Welcome, weekenders! What are you doing this time? Going for a nice drive? Going to museums? Or just doing absolutely nothing? If it’s the latter, we’ve prepared a real feast for you below, with video clips and nice articles to get you through the weekend. So get into bed with a bottle of wine, get your laptop on your chest and enjoy this week’s Weekender.
Stuff you should have read this week
– This week Julia Pott told us why Radiohead’s Just is the best music video ever made.
– Neal at Present&Correct kindly delivered one of the nicest Bookshelf features we’ve ever had. Book envy alert.
– Bit of a controversial Opinion piece here from Lawrence Zeegen on Pick Me Up. Feel free to get involved.
– Fab podcast this week if we say so ourselves, listen up and subscribe for more weird chat about design and stuff.
– Austin Psych Fest is happening as we speak/write/read. We made a celebratory mixtape for you. Enjoy!
James Cartwright -
I suffer from very serious vertigo, which means the idea of climbing anything higher than a set of stairs leaves me paralysed with fear. So the thought of climbing the second tallest building in the world, at night, without safety ropes, makes me feel as though my stomach’s being dragged out through my mouth while I’m spun violently in mid-air. But for a couple of downright crazy Russians it’s the height of excitement and adventure, and they leapt to it with glee. They also attached a couple of GoPros to their heads so we could all revel in their lunacy. I warn you, this video may make you spew.
Maisie Skidmore -
I was absolutely obsessed with the film Labyrinth when I was younger, and terrified and enamoured by it in equal parts. Watching the behind-the-scenes footage of the making of the film with the Jim Henson Company now, and seeing the sheer amount of time, preparation, mechanics and teamwork that goes into every single expression on the puppets’ faces is no less magical than it was then. (Watch out for Bowie’s wink, too. Corrrrrr!)
Liv Siddall -
Look at this guy, could you get any cooler or more powerful? He’s got 72,000 people in the palm of his hand. Freddie Mercury is the best, and his premature death is enough to get me blubbering whenever I hear Radio Ga Ga which, by the way, is the best song ever. Queen get a lot of stick sometimes for being lame Dad-music, but screw you guys, if you don’t like this performance then how can you even like anything?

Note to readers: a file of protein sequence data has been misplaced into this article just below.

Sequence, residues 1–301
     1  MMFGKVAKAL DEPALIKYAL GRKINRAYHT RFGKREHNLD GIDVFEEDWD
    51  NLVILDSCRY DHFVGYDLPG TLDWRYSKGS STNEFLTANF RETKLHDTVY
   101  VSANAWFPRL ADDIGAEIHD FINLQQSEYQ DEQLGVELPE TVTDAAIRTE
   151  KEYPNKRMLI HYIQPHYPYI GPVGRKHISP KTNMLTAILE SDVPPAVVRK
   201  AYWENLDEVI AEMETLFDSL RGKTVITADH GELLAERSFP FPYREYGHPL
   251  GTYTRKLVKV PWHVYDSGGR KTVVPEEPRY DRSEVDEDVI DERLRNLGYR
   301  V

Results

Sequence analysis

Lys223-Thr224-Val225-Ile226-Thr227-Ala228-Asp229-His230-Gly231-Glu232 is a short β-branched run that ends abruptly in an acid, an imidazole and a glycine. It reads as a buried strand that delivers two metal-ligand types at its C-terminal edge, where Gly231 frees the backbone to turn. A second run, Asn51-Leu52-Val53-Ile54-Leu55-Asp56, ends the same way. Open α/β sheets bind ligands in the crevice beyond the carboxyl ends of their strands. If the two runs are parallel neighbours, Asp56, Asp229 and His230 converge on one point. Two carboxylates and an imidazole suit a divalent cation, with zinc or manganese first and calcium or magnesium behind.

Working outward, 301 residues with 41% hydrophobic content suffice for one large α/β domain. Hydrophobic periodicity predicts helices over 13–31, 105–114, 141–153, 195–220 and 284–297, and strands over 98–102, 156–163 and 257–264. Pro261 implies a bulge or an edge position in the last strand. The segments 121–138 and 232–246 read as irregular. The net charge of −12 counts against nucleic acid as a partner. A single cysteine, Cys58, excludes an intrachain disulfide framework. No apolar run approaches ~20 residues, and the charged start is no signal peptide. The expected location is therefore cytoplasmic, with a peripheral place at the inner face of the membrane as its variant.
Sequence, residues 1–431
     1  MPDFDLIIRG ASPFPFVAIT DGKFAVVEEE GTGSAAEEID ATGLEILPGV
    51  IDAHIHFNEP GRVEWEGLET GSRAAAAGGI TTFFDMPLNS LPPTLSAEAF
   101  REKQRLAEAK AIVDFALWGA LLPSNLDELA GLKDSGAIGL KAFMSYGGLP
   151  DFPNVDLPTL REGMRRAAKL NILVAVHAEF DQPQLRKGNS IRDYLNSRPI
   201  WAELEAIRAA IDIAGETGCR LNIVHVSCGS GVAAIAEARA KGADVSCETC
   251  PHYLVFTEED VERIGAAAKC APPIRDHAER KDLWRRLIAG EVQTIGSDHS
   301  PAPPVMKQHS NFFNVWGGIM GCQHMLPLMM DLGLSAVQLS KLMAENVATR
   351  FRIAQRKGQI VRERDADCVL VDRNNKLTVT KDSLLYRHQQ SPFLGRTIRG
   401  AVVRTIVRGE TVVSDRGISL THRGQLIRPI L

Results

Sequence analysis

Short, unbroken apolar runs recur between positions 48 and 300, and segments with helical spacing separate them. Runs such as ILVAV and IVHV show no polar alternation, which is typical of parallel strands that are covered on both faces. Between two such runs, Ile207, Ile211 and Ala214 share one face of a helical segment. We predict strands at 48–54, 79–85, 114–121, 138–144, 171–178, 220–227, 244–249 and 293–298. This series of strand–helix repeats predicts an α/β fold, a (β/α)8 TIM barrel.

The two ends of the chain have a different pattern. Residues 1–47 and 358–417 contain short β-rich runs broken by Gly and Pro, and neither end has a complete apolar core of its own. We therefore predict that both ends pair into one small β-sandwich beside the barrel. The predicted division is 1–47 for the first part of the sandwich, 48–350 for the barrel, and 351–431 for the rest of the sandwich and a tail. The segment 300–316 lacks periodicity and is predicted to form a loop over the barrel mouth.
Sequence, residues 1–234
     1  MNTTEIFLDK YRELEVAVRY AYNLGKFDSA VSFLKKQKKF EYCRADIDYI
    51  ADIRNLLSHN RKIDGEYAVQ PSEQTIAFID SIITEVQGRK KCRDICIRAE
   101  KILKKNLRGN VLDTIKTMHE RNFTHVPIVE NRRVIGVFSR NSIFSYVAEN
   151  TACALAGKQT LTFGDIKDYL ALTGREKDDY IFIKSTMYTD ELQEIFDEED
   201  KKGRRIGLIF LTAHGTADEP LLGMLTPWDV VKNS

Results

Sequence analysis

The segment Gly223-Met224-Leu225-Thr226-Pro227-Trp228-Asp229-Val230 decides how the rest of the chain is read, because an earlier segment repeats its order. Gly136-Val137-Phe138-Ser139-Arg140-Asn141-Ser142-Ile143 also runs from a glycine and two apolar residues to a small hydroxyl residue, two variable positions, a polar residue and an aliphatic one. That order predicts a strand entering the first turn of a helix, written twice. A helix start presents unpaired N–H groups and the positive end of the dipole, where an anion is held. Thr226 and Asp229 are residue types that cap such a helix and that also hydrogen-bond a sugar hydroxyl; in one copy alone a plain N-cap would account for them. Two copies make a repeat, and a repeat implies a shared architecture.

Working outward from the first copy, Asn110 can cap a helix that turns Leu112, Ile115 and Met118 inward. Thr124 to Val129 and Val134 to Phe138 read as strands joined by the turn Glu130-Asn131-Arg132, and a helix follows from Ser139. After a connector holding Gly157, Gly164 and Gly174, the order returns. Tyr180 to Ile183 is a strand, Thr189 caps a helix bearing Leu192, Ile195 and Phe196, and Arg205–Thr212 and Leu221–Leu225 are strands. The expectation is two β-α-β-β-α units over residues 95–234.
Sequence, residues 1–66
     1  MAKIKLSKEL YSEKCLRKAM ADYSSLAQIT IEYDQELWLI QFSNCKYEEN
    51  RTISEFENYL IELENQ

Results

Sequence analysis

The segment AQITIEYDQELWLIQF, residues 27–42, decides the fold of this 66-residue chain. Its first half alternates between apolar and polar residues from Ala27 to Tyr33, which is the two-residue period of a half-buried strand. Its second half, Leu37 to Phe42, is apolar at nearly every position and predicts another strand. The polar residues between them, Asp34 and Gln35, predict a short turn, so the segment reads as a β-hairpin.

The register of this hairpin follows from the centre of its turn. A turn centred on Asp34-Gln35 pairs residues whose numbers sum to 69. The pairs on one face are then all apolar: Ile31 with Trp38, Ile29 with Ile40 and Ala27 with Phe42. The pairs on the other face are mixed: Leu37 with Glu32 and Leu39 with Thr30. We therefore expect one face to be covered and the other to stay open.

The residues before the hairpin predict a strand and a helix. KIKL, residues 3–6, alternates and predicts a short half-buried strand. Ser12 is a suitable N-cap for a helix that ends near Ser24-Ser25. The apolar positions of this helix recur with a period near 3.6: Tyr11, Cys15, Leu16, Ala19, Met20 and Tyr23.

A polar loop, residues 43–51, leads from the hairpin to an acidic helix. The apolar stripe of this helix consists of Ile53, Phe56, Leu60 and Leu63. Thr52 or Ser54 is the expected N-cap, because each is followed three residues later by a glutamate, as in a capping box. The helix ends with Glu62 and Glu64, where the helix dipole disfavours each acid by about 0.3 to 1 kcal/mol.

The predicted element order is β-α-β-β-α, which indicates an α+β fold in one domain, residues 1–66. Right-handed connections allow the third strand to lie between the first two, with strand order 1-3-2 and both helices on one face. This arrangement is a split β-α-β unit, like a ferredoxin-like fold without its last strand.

Rob Alderson -
Daniel Kitson is a genius. The rhythm and structure of his routines, the use of language, the restrained artistry with which he swears and his ability to link the mundane and the biggest questions we face in our lives makes him the most exciting creative talent I have ever seen. The fact that his online presence is actually so sparse only adds to the allure.
Lisa Farrell -
George Carlin is one of the ultimate pioneers of popular subversive comedy, celebrated by pretty much every decent comedian alive for the way he used observational humour to criticise society and politics, combined with a total mastery of physical comedy and the English language. This clip is one of his finest, talking about the banal similarities of our daily life to counter what he believed to be big political agendas. Important and funny – the best combination.
- Artist Howard Fonda captures the vibrancy of summer for Ace & Tate
- Robbie Simon, the jack of all trades and the master of them too
- Mattis Dovier’s weird and wonderful 8-bit dot animation for XXX’s music video
- Jessica Lehrman's photographic document of social revolution, Black Lives Matter and Occupy Wall Street
- Zoe Kao and Huang Wun-Siang find inspiration in the uncertainty of the design process
- Documenting the world in motion: Lauren Tamaki’s illustrations of modern life
- Benedict Redgrove’s beautifully hypnotic film about how a tennis ball is created
- Tommy Cash subverts the tropes of rap videos with a fleshy celebration of the human body (NSFW)
- Ian Davis’ picturesque paintings of bureaucratic dystopia
- Is it ever OK to work for free?
- Pentagram unveils refresh of Mastercard’s brand mark and identity
- Peter Saville and Tate Design Studio create beer can artwork for Switch House pale ale